2008 Ford Super Duty F-250, F-350, F-450

Las Vegas—Ford's Super Duty lineup of trucks may be aimed at a specialized market, but it's a fairly large niche made up of more than 300,000 buyers.

Las Vegas—Ford's Super Duty lineup of trucks may be aimed at a specialized market, but it's a fairly large niche made up of more than 300,000 buyers.


For those customers, the second-generation debut of the all-new 2008 Super Duties here is a big story.


Introduced in 1999, the line consisted of the F-250, F-350 pickups, and the larger chassis-and-cab-only trucks that traditionally appealed to working fleet customers.


Since then, recreational haulers have steadily outgrown the one-tonne F-350 — which now accounts for around 30 per cent of total Super Duty sales. It's this group (and the increasing size of their recreational trailers) that Ford says heavily influenced its decision to build a new F-450 pickup that will tow more than 11,000 kg.


In fact, the trailer industry is building popular makes of fifth-wheelers to lengths of nearly 13 metres and weights of as much as 8,000-plus kg. With fifth-wheelers now making up more than 50 per cent of sales, the new capacity of the F-450 should be well received.


But the larger capacity is still only half the story of the new Super Duty powerplants.


In all sizes of the model line, a new Ford Power Stroke diesel engine is now available — a 6.4 litre that replaces the 6.0 litre. The new motor will deliver 350 hp at 3000 r.p.m. and 650 lb.-ft. of torque at 2000 r.p.m.


The new diesel also brings with it other upgraded systems that will bear these increased loads:


  • The radiator has grown by 33 per cent, and a larger water pump pushes its flow rate for cooling from 283 to 529 litres per minute.


  • An integrated trailer brake controller, factory-wired to the standard seven-pin plug.


  • Upgraded transmissions, with all-new gear sets and three-plate, two-stage torque converters. The F-450 also gets upgraded synchronizers for easier electronic shift-on-the-fly of its 4WD system.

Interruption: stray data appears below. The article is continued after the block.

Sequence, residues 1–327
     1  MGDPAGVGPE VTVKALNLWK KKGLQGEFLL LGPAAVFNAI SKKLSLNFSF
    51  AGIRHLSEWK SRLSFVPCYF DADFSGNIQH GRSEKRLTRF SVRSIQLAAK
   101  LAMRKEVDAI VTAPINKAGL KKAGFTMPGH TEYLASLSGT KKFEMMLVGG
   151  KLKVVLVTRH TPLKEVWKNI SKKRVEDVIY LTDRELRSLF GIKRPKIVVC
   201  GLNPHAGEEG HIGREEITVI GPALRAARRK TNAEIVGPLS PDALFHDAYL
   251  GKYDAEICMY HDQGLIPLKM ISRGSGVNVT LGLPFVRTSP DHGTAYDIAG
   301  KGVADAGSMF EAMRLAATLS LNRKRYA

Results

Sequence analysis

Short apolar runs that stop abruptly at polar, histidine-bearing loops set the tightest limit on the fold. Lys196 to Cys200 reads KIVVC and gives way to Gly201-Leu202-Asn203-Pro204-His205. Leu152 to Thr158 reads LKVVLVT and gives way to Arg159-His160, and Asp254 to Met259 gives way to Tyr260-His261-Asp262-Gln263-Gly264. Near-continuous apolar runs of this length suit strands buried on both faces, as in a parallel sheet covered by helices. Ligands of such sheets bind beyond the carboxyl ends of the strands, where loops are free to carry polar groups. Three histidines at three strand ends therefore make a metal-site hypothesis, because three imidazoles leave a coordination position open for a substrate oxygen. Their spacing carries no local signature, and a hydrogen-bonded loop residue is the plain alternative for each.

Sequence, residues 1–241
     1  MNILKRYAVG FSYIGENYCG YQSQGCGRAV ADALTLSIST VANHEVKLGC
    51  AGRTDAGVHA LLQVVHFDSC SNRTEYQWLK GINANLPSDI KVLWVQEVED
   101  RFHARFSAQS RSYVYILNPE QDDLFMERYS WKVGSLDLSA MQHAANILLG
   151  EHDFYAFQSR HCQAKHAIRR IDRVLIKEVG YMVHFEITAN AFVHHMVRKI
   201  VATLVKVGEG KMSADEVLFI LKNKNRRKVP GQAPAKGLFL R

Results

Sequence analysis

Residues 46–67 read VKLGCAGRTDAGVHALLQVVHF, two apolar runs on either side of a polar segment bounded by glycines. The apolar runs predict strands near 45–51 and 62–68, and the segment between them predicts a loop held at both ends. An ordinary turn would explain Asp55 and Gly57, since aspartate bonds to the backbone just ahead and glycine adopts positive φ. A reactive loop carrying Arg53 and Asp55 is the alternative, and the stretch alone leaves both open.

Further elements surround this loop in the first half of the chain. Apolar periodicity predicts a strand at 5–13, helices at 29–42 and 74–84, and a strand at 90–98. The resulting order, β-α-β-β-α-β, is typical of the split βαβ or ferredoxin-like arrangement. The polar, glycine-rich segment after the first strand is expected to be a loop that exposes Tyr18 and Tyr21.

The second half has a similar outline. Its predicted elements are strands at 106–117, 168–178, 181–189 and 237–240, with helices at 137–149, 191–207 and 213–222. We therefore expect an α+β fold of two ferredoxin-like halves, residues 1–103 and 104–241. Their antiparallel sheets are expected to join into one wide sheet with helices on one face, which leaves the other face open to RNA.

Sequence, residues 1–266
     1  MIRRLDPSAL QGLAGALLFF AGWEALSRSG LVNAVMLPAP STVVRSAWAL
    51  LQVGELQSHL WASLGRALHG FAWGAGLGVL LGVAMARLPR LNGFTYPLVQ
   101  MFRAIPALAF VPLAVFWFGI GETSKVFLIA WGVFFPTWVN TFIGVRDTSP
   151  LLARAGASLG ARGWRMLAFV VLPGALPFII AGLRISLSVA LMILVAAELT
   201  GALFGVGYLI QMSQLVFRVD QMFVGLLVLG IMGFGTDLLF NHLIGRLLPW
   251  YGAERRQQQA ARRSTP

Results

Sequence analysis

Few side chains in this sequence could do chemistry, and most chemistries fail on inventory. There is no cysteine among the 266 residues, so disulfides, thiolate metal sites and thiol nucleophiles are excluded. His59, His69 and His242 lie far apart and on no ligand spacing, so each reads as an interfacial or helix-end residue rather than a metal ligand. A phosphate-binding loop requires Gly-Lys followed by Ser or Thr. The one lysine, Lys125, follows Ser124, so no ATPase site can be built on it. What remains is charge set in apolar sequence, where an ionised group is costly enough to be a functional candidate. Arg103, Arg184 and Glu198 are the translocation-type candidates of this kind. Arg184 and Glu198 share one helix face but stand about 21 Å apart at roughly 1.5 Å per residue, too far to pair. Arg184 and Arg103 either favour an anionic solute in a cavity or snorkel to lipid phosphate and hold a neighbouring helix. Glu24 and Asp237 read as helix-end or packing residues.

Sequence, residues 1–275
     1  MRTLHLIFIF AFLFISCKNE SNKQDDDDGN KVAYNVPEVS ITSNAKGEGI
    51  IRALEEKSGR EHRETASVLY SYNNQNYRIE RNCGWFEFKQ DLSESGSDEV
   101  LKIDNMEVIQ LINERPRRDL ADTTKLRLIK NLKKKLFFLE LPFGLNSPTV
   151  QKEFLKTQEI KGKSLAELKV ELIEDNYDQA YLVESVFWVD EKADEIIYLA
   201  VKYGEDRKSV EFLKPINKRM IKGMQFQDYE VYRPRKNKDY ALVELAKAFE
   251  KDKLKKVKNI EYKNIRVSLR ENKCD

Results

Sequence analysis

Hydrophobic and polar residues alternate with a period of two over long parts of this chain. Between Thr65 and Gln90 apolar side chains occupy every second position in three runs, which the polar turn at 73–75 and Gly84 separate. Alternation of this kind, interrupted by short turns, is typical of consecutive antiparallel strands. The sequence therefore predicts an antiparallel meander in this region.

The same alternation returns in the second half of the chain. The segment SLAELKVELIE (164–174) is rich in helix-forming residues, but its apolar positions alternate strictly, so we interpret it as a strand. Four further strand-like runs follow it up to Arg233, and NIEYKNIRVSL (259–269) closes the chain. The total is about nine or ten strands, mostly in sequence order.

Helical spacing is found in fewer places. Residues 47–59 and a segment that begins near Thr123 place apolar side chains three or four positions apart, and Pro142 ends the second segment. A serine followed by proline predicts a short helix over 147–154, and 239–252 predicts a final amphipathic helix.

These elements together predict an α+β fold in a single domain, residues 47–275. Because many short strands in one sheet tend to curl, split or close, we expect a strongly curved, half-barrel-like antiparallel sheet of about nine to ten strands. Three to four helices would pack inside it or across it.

It should be noted that while Super Duty trucks are available with gas engines, they are ordered with diesels at least 80 per cent of the time, Ford Canada says. The company expects that to rise to 100 per cent for the new F-450.


    The new engine, named Ford Clean Diesel Technology, is the auto maker's response to new government regulations. Following Europe's lead, U.S. and Canadian governments have pushed through sweeping changes to the rules governing diesel emissions and the production of diesel fuel.


    In Canada, the clean fuel rules came into force last month, and ultra low-sulphur fuel is now available at every diesel-equipped station in the country.



    This change will work in tandem with new diesel technologies each manufacturer has to introduce, but older diesels will also burn more cleanly and produce fewer harmful emissions.


    Today's new generation of diesels will discharge 80 per cent less particulate matter and pump 70 per cent less nitrogen oxide into the air than diesels did 10 years ago. Carbon dioxide emissions are also lower as these engines extract more energy from the fuel. Average fuel economy is also up 15 per cent.